Story: From Fireplace to Cyberspace: Connecting Children and Narrative

Stuart Hannabuss (The Robert Gordon University, Aberdeen)

Library Review

ISSN: 0024-2535

Article publication date: 1 February 2000




Hannabuss, S. (2000), "Story: From Fireplace to Cyberspace: Connecting Children and Narrative", Library Review, Vol. 49 No. 1, pp. 40-48.



Emerald Group Publishing Limited

These are papers on the importance of “story” presented at the Allerton Park Institute Conference Center (Monticello, Illinois) in October 1997, and sponsored by the Graduate School. Hearne and Jenkins are associate professors at the School, Del Negro and Stevenson associated with The Bulletin of the Center for Children’s Books there. This is a reputable series, always worth keeping an eye on for a specialist slant relevant to your own work, and Story is no exception. For storytellers, librarians and teachers alike, it’s full of interest for what it says about stories, storying, resources, culture, theory and professional responsibility.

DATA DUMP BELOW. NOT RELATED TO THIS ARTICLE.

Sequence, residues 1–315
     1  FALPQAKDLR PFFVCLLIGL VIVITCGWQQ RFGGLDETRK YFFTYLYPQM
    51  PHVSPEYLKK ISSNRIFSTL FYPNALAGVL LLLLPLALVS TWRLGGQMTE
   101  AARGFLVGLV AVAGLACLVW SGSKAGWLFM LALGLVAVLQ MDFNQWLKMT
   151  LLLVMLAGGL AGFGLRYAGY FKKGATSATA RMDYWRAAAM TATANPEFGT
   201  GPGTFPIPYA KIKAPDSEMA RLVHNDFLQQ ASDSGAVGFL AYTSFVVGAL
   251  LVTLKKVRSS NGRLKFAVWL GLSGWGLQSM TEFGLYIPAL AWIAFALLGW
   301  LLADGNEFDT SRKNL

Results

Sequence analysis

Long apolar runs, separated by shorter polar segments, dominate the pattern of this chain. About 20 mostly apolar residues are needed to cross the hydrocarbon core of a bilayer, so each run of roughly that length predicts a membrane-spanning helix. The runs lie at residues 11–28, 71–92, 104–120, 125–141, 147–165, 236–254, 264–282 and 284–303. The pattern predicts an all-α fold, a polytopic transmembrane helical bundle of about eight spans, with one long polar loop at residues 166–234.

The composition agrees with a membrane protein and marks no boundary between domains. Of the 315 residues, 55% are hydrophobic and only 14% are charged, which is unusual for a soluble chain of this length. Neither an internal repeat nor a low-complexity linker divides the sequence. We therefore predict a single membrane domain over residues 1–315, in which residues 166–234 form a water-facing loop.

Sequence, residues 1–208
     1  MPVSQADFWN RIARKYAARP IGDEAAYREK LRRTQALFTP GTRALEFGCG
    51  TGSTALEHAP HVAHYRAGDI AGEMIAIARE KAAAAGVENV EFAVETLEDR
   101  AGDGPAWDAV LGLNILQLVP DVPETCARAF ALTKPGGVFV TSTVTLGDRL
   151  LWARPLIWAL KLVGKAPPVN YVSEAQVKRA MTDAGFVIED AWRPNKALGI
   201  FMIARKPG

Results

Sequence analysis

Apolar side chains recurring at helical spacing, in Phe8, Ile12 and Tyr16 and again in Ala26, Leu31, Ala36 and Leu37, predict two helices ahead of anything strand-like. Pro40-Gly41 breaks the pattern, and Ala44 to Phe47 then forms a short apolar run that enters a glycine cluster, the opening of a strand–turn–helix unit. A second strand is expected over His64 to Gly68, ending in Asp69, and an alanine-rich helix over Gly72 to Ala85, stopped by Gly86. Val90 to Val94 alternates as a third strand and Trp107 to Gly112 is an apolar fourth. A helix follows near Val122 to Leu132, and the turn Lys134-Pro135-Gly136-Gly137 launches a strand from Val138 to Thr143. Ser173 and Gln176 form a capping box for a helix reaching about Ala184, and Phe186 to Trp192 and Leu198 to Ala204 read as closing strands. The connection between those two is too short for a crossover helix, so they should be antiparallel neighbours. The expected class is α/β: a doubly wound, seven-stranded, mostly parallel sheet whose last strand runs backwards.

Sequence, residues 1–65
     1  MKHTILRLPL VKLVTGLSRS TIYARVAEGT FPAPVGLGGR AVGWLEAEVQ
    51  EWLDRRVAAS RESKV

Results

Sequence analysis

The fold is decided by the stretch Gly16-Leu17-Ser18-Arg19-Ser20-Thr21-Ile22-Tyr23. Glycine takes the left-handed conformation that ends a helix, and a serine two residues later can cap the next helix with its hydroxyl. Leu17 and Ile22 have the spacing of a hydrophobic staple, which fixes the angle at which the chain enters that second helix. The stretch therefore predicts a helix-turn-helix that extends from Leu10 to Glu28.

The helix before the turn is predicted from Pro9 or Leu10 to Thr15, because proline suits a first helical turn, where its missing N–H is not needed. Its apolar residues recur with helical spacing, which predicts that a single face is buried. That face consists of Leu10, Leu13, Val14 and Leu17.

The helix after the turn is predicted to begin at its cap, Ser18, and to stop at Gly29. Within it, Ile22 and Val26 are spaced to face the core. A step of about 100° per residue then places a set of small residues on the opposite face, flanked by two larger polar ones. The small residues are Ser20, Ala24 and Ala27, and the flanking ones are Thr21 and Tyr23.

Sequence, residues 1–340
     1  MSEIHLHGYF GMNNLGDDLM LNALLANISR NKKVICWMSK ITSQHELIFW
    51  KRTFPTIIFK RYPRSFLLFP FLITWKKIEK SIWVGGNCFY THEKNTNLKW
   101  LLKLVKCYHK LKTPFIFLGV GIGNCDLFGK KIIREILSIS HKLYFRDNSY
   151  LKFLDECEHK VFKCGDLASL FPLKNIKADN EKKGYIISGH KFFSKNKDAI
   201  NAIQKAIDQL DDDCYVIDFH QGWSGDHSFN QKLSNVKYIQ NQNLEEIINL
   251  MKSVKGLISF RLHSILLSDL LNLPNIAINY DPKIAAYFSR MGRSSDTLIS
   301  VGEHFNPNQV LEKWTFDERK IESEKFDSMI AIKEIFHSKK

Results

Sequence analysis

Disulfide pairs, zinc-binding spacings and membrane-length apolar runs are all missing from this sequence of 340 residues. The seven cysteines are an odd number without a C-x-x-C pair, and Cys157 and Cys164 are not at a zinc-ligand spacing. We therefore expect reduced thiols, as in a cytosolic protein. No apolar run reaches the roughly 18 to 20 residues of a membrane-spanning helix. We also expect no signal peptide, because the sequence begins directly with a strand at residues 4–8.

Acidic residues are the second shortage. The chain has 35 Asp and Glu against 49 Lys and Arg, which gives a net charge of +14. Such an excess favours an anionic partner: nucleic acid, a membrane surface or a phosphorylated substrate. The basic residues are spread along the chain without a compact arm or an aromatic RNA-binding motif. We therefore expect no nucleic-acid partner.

It looks at story from four viewpoints: practice, theory, literature, and institutional culture, with some three papers in each category. Useful discussions include storytelling in the school library and links between narrative and the curriculum (such as myths and astronomy), the ritual and festival role of story in cultural life, exploring matriarchal and gender issues in and through story, story in the pictures and texts of picture books, and the survival of story in an age of media‐saturated culture. It provides helpful guidance on further reading: collections, indexes, reference works and research tools (like Aarne, MacDonald, Stith Thomspon), resources for storytellers. Story extends from traditional folktale to now, not just as it’s used and studied today in live situations but also as it has developed in cyberspace. We get a good picture of storytelling resources on the Internet, for example the exchange on the listserv STORYTELL worldwide run at Texas Women’s University (see Other good sites are The Children’s Literature Web (∼dkbrown/index.html), the Web site of the National Storytelling Association ( and Storytelling FAQ ( All in all, then, this is a useful resource for any professional involved or interested in storytelling.

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